Accepting Mediocrity

I asked my wife a dangerous question one night after both kids were in bed and I braced myself for her answer.

“What am I not good at?”

I was inspired by a conversation on Andy Stanley’s Leadership podcast about “doing only what you can do.” The main idea was that no person, especially a leader, is an expert at everything. There are areas where you may have “authority” but not “competency.” It stressed the necessity to delegate responsibility in areas where you are weaker to people that can be strong at them.

What I really enjoyed was that it attacked a lie that many people – regardless of whether or not they are in a leadership position – buy into. It is the lie that “I have to be good at everything.” But that just isn’t possible. Nobody is an expert at everything. We all have strenghts and weakenesses. But how do we approach them?

Several years ago I attended a talk and the speaker proposed that we would do better to work on making our strengths even stronger rather than trying to shore up our weaknesses. He wasn’t talking about character flaws or areas where we are morally weak – of course those are areas we need to strengthen.

He was talking about our skills and abilities. What he said made sense, but so often we approach things in the opposite way.

Instead of looking at our strengths and saying, “How can I make that even better,” we look at our strengths and say, “Well, I’ve got that pretty tied up. But this one area of weakness – I should really spend time getting better at that.”

Instead of taking the areas where we are naturally gifted and working to excel at them, we look at areas where we are mediocre and spend time trying to get them to be “acceptable” or even “good.”

But I don’t ever want to settle for good. I want excellence. And to get there I need to accept that there are some things I will never be good at – even if I really work at it. I am going to be mediocre in some places.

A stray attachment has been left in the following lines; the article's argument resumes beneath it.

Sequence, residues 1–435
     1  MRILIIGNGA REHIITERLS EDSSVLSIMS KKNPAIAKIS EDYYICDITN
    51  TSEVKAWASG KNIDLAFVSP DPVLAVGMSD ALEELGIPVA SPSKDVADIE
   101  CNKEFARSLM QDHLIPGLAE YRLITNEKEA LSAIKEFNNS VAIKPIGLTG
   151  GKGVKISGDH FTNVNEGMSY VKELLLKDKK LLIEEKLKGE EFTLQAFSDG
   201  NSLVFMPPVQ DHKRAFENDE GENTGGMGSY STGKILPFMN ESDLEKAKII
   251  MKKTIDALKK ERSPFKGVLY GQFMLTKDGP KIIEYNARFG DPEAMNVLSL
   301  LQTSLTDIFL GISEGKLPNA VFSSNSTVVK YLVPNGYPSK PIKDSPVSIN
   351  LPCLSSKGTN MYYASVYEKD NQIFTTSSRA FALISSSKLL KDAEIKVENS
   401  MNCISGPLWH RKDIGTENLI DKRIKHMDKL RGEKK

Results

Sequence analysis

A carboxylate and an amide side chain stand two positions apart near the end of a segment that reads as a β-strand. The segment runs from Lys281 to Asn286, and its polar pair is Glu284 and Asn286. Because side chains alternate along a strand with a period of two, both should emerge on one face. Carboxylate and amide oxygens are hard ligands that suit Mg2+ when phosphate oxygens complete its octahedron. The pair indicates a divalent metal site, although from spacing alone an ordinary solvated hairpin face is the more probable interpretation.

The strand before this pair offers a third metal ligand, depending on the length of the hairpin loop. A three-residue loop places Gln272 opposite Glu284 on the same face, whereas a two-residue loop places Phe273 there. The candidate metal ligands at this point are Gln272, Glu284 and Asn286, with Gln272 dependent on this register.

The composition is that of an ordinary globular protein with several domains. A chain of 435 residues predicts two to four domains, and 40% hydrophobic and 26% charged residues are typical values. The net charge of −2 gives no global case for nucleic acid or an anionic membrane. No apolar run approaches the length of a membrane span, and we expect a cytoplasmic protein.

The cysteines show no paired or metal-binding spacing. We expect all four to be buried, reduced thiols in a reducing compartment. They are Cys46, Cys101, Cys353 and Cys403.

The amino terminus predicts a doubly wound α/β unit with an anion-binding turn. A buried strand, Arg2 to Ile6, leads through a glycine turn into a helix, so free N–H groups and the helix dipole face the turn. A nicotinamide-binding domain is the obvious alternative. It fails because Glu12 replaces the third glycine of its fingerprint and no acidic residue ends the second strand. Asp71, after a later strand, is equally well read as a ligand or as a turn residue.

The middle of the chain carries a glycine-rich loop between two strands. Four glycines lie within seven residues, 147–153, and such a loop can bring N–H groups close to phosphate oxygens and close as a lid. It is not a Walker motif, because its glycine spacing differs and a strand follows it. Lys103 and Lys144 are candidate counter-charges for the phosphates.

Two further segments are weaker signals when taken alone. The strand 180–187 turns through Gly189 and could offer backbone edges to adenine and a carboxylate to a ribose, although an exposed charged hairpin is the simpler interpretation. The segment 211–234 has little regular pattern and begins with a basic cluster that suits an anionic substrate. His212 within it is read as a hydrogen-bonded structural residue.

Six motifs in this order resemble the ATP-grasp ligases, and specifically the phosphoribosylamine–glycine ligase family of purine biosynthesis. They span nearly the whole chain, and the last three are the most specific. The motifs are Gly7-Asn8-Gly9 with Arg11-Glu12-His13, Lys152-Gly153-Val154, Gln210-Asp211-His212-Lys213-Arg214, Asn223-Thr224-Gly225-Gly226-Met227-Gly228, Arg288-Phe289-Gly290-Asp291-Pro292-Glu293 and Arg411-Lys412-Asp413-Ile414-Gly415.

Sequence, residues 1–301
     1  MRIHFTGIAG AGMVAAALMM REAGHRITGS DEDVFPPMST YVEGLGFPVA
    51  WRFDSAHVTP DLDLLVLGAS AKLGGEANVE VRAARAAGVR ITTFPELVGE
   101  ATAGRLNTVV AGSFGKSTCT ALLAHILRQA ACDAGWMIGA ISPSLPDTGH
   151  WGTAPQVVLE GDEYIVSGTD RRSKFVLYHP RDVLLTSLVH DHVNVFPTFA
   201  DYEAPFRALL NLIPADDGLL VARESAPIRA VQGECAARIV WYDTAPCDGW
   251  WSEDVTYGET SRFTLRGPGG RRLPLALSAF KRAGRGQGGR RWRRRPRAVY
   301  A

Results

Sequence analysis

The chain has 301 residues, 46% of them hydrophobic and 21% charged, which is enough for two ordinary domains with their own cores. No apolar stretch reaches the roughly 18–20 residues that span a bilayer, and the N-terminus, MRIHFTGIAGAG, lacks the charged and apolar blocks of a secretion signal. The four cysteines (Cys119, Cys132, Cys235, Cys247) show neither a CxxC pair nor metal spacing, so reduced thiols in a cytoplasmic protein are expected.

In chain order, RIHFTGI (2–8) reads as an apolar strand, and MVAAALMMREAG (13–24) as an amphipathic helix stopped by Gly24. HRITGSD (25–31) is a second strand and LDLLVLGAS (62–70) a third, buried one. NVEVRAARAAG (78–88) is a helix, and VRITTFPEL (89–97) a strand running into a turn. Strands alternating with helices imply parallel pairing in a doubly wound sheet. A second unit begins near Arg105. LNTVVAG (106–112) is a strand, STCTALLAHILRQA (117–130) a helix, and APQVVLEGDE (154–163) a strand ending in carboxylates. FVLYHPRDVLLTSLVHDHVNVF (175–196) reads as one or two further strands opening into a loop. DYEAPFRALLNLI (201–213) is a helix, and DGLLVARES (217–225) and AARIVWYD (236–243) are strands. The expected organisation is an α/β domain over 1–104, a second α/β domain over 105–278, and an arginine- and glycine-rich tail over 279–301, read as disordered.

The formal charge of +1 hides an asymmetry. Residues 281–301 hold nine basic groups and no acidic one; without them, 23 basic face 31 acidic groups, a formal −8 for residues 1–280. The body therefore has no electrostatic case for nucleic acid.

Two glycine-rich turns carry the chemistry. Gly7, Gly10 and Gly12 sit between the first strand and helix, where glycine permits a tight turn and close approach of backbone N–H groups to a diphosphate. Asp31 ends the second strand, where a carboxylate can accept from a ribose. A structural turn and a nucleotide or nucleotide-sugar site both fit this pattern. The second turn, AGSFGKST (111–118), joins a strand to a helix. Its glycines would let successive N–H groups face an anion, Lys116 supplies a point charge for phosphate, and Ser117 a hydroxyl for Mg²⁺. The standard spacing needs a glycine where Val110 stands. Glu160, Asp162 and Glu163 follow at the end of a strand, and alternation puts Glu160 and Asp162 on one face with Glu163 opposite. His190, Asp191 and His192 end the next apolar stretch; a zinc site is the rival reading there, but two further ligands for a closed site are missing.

Photography is one of those places. I love looking at great pictures on Instagram and have a tremendous amount of respect for people that can pick up a camera and take a beautiful picture. But I’m not that person. I don’t have an eye for these incredible pictures and I don’t know how to work the many settings on a camera to enable it to capture the many nuances of a moment. It isn’t something I will probably ever be good at, even though I think it would be cool.

Now, take my friend Christina. She had a natural gift for photography, so even though she learned the deeper aspects of the artform later in life she excelled at it. She found a strength and made it stronger. I would just be taking a place I am medicre already and maybe making it passable. I could spend a lot of time and energy doing that, or I could refocus my energy to places I am already strong.

Instead of trying to capture these incredible pictures for Instagram, I just try to capture things from my point of view in life. Are my pictures going to win awards? No – but my gift comes in the way I write, teach, and inspire through my words. So I spend more time crafting a solid caption to go with my picture. I am playing to my strength rather than trying to shore up an area of mediocrity.

Even as I write that it sounds counterintuitive. Who wants to be mediocre? Well, if you want to great you are going to have to be mediocre in some areas – in fact, probably most areas. Michael Jordan was one of the greatest basketball players of all time. For a brief period of time during his career, inexplicably, he decided he wanted to play baseball, instead. He isn’t known for that time, though. It was something that he became good at, but wasn’t going to be great at. He was an incredible athlete, but his area of excellence was basketball.

We need to drop the lie that we need to be good at everything because it is keeping us from being great at the things that we need to be great at. It will probably only be two or three things. There are probably a lot more things that we are bad at or mediocre at than we are even really great at. That’s good – even healthy.

My wife gave me some incredibly honest feedback that confirmed some of what I was feeling but also gave me some new insights. She not only told me what I wasn’t good at but also pointed out some areas of strength that I wasn’t aware of, either. Having people like that – a spouse, close friend, or family member – that can be honest with you is so vital in self-awareness. They can see things we can’t always see. If you want to be great, you need to accept your mediocrity. Identify areas of strength and areas of weakness and resolve to make your strengths stronger and ask yourself if you are working at shoring up a weakness that just isn’t going to have the return on investment of time.

Accept your medioctry; it is the only way to embrace what will make you truly great.

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